Lord’s goes 100% renewable
Lord’s – the home of England cricket – has become the first cricket ground in Great Britain to run on 100% renewable energy, as new figures reveal the increasing disruption to cricket caused by extreme weather patterns linked to climate change.
New England & Wales Cricket Board (ECB) statistics illustrate that extreme weather in December 2015, which has been linked to climate change, caused more than GB£3.5m-worth of damage across 57 cricket clubs. Increased rainfall is also causing significant loss of fixtures in recreational cricket and impacting on the professional game. The ECB distributed more than GB£1m in emergency funding to flood-affected clubs in 2016, with a further GB£1.6m earmarked for 2017.
The new Warner Stand, which will be opened in April 2017, is symbolic of the Marylebone Cricket Club’s (MCC) – the world’s most active cricket club, the owner of Lord’s and the guardian of the Laws of the Game – sustainability drive. The innovative structure, designed by world-renowned architecture practice Populous, includes photovoltaic roof panels for electricity generation and a state-of-the-art water collection and recycling system.
The MCC has developed a broad sustainability programme, meeting its 2020 emissions targets last year and reducing its electricity use by 7% since 2010.
Derek Brewer, MCC Chief Executive & Secretary, said:
It is important that all organisations embrace sustainability and I’m very pleased that Lord’s has become the first cricket ground in the country to run on 100% renewable energy.
The statistics released today illustrate the effect that changing weather patterns can have on cricket, and the ECB deserve a lot of praise for the support they give clubs across the country that are so badly affected by extreme weather.
The announcement launches the annual ‘Show The Love’ campaign from The Climate Coalition, whose members include WWF-UK, the RSPB, the National Trust, the Women’s Institute (WI) and Christian Aid. It also accompanies the publication of a ‘Weather Warning’ report highlighting how extreme weather conditions are affecting some of Britain’s favourite places – from gardens to local pubs, rivers to our parish churches, iconic cliffs to woodlands.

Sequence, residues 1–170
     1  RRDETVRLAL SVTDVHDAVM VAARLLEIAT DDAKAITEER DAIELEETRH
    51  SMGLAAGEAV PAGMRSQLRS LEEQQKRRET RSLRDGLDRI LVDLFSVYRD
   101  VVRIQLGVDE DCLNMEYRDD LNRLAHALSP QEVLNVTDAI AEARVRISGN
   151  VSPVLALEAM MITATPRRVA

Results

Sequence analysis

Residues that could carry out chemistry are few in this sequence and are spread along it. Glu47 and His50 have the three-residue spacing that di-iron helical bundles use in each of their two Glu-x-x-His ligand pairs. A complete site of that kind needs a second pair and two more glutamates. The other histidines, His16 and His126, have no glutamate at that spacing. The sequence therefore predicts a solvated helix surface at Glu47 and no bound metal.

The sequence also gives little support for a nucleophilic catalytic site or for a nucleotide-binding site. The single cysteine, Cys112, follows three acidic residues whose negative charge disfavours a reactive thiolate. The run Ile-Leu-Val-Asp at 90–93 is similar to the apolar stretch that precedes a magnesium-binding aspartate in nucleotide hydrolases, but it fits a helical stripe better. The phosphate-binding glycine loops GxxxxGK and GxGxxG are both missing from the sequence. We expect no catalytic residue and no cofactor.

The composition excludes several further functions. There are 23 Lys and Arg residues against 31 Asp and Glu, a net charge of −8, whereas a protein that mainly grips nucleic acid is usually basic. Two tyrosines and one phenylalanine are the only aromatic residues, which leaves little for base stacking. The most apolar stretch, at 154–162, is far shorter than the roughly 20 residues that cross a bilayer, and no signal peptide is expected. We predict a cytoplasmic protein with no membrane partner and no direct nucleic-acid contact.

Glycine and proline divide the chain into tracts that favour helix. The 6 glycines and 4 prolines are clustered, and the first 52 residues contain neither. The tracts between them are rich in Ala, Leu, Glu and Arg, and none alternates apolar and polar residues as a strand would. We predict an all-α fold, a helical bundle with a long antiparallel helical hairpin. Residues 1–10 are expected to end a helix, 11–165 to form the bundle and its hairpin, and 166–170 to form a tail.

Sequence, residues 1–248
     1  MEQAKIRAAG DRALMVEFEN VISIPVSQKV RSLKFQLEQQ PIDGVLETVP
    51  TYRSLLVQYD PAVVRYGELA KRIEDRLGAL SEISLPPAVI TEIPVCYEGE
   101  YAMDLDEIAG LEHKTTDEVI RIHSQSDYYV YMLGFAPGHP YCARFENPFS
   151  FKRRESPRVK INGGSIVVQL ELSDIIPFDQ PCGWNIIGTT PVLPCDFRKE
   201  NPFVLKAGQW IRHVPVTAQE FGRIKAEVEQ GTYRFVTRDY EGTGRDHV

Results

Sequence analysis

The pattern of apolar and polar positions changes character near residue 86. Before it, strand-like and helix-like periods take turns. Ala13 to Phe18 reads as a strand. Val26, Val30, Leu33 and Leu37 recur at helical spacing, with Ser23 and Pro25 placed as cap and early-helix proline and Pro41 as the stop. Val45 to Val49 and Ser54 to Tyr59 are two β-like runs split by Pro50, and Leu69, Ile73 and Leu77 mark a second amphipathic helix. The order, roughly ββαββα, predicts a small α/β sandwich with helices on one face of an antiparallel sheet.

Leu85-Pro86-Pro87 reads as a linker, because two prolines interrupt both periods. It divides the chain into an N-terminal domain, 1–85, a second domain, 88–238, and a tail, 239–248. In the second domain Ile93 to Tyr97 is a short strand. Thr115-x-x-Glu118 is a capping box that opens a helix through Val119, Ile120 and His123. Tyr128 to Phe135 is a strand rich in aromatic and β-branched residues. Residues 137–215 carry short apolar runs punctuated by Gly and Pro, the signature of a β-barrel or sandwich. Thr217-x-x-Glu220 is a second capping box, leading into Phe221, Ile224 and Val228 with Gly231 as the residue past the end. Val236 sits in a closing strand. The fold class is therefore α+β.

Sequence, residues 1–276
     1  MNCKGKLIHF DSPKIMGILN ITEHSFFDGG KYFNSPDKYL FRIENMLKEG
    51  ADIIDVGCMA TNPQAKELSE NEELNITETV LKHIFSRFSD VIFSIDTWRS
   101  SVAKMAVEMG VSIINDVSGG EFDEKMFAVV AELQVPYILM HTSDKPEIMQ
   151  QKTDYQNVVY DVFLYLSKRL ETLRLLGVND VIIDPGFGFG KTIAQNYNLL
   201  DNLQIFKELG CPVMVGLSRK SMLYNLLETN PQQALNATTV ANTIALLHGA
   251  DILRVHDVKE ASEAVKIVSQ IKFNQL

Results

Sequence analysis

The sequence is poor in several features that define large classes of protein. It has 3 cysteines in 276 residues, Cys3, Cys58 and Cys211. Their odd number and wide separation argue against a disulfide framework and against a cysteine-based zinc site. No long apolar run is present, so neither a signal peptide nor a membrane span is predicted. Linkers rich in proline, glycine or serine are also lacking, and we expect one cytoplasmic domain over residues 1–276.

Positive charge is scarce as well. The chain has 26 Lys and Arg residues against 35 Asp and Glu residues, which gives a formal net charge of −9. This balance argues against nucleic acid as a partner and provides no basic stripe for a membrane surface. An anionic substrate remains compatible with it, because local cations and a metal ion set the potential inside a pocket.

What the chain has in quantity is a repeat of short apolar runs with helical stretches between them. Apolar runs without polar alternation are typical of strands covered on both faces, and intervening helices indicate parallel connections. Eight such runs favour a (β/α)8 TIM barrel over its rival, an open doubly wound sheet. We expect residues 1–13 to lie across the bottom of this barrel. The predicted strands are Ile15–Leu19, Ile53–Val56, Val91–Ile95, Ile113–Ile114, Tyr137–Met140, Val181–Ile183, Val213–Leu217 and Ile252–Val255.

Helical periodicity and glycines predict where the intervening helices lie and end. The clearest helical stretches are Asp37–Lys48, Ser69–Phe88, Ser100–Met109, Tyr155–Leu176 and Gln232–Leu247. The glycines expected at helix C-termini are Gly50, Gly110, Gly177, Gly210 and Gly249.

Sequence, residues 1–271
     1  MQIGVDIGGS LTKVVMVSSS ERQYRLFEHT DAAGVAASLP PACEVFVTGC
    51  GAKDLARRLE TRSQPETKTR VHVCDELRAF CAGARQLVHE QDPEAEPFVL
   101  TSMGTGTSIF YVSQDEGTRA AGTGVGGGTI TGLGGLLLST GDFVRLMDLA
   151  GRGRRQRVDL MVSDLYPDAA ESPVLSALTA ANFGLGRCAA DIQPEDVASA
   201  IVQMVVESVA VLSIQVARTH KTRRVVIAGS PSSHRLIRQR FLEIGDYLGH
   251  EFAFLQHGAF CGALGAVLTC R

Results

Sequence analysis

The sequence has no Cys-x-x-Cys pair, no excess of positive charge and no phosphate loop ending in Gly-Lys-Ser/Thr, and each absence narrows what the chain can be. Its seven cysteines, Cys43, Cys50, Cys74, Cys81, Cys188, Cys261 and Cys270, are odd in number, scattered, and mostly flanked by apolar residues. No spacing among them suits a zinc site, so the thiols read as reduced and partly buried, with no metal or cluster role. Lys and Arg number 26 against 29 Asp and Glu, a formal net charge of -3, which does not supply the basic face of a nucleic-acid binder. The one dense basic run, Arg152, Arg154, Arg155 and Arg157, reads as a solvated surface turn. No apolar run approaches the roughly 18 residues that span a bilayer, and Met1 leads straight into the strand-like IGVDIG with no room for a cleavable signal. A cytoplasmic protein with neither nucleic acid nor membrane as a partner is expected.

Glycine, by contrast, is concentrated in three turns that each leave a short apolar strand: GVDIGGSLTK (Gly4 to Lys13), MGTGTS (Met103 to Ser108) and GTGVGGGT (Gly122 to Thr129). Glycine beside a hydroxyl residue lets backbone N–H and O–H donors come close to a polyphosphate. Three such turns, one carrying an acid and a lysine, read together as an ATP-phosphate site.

The MCC is determined to ensure that Lord’s remains world-class, as well as world-famous. Accordingly, it has invested more than GB£50m over the last twenty-five years, in various ground modernisation projects. This investment programme has resulted in the construction of four new stands (including the award-winning Mound Stand), MCC’s Cricket Academy and the futuristic J.P. Morgan Media Centre.
Far from resting on its laurels, the MCC has been investing even more money to ensure that Lord’s has both a unique historic appeal and truly state-of-the-art sporting facilities.
The South-Western Project (SWP) at Lord’s
The SWP is the single largest phase of the Masterplan for the redevelopment of Lord’s. Designed by Populous, the architects of the new Warner Stand, as well as iconic venues such as the London Olympic Stadium, the SWP entails: a replacement for the Tavern and Allen Stands; a new Thomas Lord Building; a new Lord’s Tavern pub; and internal reorganisation of the Pavilion and Memorial Building to provide more room for cricket teams and staff.
It also will aim to open up the area around the Grace Gates on St John’s Wood Road to establish a more welcoming public realm.
The key components of the scheme are:
- A new Tavern & Allen Stand – a single structure to replace the existing two. The design incorporates 5,200 seats, an increase of 1,082 seats compared to the existing stand.
- A new Thomas Lord Building with a street-facing reception, a banqueting suite, and offices for MCC staff.
- A new Tavern pub, opening into the Harris Garden as well as onto the street.
- Enhancement of the area around the Grace Gates to establish a more welcoming, pedestrian-friendly public realm.
- A new Harris Garden Building with a bar facing out onto the Garden and additional dressing rooms both for squash and tennis players, and to better accommodate double header matches.
- Reorganisation of the Pavilion to enlarge the dressing rooms, and convert a current office, physio room and women’s toilets on the corridor between the two dressing rooms into space for team management and a players’ gym.
- An enlarged and deepened basement which will enable vehicles to make deliveries directly to catering facilities etc. underground, removing the need to use the Grace Gate entrance.
There are several key reasons why the Club is choosing to develop this area of the Ground:
- The Tavern and Allen stands are no longer fit for purpose. They have poor accessibility with no passenger lifts, no facilities for people with disabilities, and limited catering and WC facilities.
- There is scope to increase the capacity of this part of Lord’s, to better satisfy demand from Members;
- It presents the opportunity to restore the special ceremonial nature of the Grace Gates, by taking delivery traffic underground below the Thomas Lord Building and new stand, and making the entrance to Lord’s more pedestrian- and public-friendly;